Relatively basic risk-management systems may be adequate for smaller institutions engaged solely in traditional banking activities and those whose senior managers and directors are actively involved in the details of day-to-day operations. In such institutions, these systems may consist only of an informal compliance program that includes both written and unwritten policies addressing material areas of operations such as lending, basic internal control systems, on-the-job training, and a limited set of management and board reports that address the bank’s needs.
A large or regional organization that is more complex would require a more formal and comprehensive program to maintain a satisfactory level of compliance and to provide senior managers and directors with the information they need to monitor and direct day-to-day activities.
Boards of directors have ultimate responsibility for the level of risk taken by their institutions. Accordingly, board members should approve the overall business strategies and significant policies of their organizations, including those related to managing and taking risks, and should also ensure that senior management is fully capable of managing the activities that their institutions conduct. While all boards of directors are responsible for understanding the nature of the risks significant to their organizations and for ensuring that management is taking the steps necessary to identify, measure, monitor, and control these risks, the level of technical knowledge required of directors may vary depending on the particular circumstances at that institution.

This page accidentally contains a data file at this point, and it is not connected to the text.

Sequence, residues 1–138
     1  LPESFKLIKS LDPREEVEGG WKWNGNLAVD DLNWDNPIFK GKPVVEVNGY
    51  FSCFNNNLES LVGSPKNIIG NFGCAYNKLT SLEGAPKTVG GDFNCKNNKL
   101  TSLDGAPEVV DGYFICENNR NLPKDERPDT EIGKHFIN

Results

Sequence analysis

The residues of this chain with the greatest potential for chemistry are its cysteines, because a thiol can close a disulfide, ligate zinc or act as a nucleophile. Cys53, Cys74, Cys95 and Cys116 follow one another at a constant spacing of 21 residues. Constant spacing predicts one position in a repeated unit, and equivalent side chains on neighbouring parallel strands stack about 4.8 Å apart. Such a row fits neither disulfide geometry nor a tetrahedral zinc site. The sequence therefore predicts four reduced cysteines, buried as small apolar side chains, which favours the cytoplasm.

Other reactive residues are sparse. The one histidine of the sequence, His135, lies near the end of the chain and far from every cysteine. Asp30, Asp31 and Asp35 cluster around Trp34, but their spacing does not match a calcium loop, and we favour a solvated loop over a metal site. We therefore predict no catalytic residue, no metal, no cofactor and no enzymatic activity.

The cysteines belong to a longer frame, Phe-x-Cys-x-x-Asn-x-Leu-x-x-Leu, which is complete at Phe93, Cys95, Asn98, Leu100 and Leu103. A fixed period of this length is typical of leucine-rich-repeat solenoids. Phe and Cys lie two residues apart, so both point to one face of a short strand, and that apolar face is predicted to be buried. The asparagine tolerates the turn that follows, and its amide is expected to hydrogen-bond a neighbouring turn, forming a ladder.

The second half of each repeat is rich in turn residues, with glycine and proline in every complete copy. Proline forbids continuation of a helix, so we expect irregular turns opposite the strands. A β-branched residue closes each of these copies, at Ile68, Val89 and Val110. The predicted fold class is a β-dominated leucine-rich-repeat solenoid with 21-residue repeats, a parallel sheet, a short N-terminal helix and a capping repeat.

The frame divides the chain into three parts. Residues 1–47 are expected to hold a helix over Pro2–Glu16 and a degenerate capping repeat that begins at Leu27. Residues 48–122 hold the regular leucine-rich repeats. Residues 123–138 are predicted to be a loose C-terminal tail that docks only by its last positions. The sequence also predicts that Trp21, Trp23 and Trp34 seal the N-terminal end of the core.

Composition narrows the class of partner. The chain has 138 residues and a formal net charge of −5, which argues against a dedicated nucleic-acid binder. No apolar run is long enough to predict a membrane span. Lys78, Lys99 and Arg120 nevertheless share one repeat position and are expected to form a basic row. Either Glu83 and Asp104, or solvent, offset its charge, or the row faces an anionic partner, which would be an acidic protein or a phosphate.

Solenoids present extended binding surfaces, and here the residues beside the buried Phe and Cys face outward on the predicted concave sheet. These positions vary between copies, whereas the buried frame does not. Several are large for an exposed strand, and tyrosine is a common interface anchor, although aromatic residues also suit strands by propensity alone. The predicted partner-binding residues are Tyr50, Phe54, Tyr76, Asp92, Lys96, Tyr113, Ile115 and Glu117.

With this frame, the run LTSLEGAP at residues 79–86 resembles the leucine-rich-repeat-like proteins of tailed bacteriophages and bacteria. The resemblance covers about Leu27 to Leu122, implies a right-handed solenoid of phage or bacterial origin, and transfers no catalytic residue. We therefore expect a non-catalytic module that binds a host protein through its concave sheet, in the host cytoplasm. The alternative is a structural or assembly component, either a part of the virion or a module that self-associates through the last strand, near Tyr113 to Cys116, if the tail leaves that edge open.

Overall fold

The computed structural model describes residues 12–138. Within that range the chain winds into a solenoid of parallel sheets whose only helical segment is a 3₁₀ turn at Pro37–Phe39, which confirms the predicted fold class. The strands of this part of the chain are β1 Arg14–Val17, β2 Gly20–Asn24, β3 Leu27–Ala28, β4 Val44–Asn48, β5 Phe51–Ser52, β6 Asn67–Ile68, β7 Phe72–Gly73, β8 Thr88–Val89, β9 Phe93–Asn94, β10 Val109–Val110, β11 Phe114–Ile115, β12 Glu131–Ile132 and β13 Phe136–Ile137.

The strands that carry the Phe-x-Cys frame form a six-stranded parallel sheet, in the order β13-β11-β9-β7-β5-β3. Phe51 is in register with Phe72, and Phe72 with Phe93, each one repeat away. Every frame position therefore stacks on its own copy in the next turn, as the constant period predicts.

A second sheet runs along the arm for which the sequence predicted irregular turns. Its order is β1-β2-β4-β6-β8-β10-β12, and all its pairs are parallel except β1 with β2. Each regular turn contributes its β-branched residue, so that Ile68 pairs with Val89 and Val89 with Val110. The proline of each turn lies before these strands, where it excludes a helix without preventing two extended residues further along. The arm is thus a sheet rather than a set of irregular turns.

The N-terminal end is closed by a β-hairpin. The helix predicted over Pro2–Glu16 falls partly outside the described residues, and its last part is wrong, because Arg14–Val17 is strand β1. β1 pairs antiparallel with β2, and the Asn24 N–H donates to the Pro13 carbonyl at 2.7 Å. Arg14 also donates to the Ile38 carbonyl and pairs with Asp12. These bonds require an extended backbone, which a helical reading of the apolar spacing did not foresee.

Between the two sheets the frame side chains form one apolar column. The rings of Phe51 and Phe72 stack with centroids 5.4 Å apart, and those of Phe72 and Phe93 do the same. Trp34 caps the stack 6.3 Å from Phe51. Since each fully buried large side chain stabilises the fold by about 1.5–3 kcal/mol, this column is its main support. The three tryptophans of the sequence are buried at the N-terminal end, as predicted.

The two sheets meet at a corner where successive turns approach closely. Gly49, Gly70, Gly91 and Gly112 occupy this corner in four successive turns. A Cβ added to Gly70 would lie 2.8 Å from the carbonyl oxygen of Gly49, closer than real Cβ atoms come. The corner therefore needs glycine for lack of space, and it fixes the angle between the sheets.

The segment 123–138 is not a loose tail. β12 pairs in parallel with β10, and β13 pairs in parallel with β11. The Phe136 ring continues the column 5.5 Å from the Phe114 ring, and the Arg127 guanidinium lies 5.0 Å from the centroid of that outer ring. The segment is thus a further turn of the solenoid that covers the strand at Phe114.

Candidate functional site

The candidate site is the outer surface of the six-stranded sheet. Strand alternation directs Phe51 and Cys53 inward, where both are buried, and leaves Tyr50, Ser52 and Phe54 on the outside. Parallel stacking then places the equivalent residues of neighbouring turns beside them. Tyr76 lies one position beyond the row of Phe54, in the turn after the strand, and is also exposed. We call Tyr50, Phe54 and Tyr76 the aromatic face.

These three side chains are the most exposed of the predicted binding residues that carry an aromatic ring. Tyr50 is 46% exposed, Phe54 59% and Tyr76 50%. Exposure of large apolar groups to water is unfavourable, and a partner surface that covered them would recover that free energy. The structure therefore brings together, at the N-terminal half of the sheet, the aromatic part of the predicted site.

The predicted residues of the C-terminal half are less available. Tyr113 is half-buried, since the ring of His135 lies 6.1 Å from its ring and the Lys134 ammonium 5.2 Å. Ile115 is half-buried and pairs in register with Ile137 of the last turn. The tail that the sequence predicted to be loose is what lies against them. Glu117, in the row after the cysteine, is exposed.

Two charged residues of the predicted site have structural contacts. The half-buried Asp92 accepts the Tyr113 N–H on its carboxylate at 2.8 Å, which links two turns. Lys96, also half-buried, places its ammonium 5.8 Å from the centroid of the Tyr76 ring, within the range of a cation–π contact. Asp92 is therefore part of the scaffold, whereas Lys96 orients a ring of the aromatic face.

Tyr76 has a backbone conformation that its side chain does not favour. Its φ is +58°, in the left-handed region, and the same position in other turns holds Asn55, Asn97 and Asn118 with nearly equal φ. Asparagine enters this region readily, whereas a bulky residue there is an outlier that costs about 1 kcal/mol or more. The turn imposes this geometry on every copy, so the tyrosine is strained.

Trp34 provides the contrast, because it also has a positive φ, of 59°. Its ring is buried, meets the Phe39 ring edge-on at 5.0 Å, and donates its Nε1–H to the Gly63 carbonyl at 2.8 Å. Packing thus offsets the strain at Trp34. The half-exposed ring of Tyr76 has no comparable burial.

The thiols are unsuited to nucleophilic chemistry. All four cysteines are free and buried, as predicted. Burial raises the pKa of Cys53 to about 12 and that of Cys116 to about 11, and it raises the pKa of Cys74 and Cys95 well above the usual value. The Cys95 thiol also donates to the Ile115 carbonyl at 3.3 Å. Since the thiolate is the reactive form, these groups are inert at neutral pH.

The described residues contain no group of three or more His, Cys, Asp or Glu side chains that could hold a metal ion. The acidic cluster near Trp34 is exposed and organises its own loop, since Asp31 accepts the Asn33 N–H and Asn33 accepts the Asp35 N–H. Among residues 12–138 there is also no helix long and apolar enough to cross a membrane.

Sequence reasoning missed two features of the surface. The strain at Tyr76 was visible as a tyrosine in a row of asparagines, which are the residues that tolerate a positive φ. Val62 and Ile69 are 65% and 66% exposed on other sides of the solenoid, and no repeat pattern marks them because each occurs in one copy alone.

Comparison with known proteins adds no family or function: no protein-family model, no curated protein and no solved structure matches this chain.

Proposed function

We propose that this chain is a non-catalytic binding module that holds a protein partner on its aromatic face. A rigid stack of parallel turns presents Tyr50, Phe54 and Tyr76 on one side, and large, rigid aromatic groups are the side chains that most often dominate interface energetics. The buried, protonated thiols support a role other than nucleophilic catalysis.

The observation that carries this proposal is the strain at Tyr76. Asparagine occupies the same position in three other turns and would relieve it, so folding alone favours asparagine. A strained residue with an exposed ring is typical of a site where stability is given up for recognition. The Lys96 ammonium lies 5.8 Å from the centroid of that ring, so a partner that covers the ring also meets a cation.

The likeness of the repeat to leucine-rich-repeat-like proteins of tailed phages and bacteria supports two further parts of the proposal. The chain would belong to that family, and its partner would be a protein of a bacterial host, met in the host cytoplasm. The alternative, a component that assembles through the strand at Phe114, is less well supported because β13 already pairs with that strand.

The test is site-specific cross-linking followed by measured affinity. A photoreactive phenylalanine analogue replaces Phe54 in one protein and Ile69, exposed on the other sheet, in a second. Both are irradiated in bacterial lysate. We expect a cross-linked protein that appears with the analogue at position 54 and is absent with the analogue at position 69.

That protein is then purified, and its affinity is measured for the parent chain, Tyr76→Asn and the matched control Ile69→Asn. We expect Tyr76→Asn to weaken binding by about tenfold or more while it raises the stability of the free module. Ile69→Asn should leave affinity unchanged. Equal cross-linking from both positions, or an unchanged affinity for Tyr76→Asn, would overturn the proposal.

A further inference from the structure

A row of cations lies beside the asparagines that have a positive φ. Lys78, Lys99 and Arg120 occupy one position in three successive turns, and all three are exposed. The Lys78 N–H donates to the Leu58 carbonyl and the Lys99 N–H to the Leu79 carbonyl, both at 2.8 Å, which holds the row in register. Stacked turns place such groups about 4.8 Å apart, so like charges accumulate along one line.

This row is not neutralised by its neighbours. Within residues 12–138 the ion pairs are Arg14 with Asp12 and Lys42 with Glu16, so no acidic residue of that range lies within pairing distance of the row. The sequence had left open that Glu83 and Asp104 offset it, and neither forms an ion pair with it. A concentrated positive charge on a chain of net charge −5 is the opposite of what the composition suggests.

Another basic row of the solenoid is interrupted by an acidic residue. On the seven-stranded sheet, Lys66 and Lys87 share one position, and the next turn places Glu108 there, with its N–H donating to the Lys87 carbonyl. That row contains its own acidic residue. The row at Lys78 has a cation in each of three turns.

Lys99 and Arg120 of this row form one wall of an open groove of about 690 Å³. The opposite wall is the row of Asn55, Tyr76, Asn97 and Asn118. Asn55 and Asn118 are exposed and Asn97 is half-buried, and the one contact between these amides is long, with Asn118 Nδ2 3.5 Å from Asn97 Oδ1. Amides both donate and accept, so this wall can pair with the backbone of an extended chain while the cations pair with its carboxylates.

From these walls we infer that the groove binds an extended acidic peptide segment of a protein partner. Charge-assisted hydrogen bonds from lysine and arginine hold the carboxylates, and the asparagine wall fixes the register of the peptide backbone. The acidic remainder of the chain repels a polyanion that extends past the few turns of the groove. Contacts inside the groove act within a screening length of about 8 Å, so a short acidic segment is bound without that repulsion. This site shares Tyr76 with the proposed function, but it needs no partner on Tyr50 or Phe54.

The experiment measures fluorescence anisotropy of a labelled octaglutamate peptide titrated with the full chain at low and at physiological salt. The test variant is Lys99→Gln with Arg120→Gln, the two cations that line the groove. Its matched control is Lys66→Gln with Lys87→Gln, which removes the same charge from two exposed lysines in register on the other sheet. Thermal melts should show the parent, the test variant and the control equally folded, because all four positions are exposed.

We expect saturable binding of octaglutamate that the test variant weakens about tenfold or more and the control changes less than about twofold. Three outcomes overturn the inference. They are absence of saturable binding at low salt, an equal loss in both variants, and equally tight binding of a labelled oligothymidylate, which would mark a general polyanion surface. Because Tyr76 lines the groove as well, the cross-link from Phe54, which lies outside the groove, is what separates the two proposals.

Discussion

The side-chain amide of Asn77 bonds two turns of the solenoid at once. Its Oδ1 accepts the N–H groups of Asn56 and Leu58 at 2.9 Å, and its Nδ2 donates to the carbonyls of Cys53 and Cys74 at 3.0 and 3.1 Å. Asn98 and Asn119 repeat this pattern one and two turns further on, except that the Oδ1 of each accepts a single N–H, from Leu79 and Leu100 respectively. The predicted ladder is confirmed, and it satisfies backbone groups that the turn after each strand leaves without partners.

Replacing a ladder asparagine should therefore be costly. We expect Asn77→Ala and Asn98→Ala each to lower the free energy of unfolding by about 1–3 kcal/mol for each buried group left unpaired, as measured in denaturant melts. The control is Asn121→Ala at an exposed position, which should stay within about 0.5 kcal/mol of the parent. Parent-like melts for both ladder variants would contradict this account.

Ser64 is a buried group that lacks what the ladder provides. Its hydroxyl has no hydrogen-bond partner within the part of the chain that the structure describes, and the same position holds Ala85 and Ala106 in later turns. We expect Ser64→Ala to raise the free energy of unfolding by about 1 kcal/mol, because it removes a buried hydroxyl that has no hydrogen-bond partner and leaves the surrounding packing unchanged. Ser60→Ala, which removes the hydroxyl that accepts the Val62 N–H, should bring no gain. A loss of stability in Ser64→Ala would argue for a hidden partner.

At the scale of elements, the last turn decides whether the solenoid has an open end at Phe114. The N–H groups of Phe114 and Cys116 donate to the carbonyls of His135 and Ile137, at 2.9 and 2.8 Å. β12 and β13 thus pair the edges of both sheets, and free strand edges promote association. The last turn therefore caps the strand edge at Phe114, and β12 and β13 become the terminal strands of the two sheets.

Senior management is responsible for implementing strategies in a manner that limits the risk associated with each strategy and ensures compliance with laws and regulations on both a long-term and day-to-day basis. Management should be fully involved in the activities of their institutions and possess sufficient knowledge of all major business lines to ensure that appropriate policies, controls, and risk monitoring systems are in place and that accountability and lines of authority are clearly delineated.
For more information on director responsibilities, see Board of Directors — Profile and Core Characteristics.
Policies and procedures represent the documented guidelines and processes an organization has established to monitor and control compliance risks in areas such as the compliance function, audit, and business units. An effective compliance program will have compliance policies and procedures in place, the formality of which depends on the needs and complexity of the organization. Policies should provide the framework for procedures and may be used as a reference source or training material for personnel.